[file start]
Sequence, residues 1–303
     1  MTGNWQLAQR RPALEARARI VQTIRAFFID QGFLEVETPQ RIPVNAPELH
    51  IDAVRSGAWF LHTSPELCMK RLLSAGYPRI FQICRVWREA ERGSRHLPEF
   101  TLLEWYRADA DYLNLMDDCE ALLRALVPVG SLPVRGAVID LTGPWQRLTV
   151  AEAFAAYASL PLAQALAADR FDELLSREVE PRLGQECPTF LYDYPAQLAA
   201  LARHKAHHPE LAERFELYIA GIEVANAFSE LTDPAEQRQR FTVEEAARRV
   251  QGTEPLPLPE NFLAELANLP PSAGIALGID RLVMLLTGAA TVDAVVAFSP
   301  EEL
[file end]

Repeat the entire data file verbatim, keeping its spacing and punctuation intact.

Sequence, residues 1–303
     1  MTGNWQLAQR RPALEARARI VQTIRAFFID QGFLEVETPQ RIPVNAPELH
    51  IDAVRSGAWF LHTSPELCMK RLLSAGYPRI FQICRVWREA ERGSRHLPEF
   101  TLLEWYRADA DYLNLMDDCE ALLRALVPVG SLPVRGAVID LTGPWQRLTV
   151  AEAFAAYASL PLAQALAADR FDELLSREVE PRLGQECPTF LYDYPAQLAA
   201  LARHKAHHPE LAERFELYIA GIEVANAFSE LTDPAEQRQR FTVEEAARRV
   251  QGTEPLPLPE NFLAELANLP PSAGIALGID RLVMLLTGAA TVDAVVAFSP
   301  EEL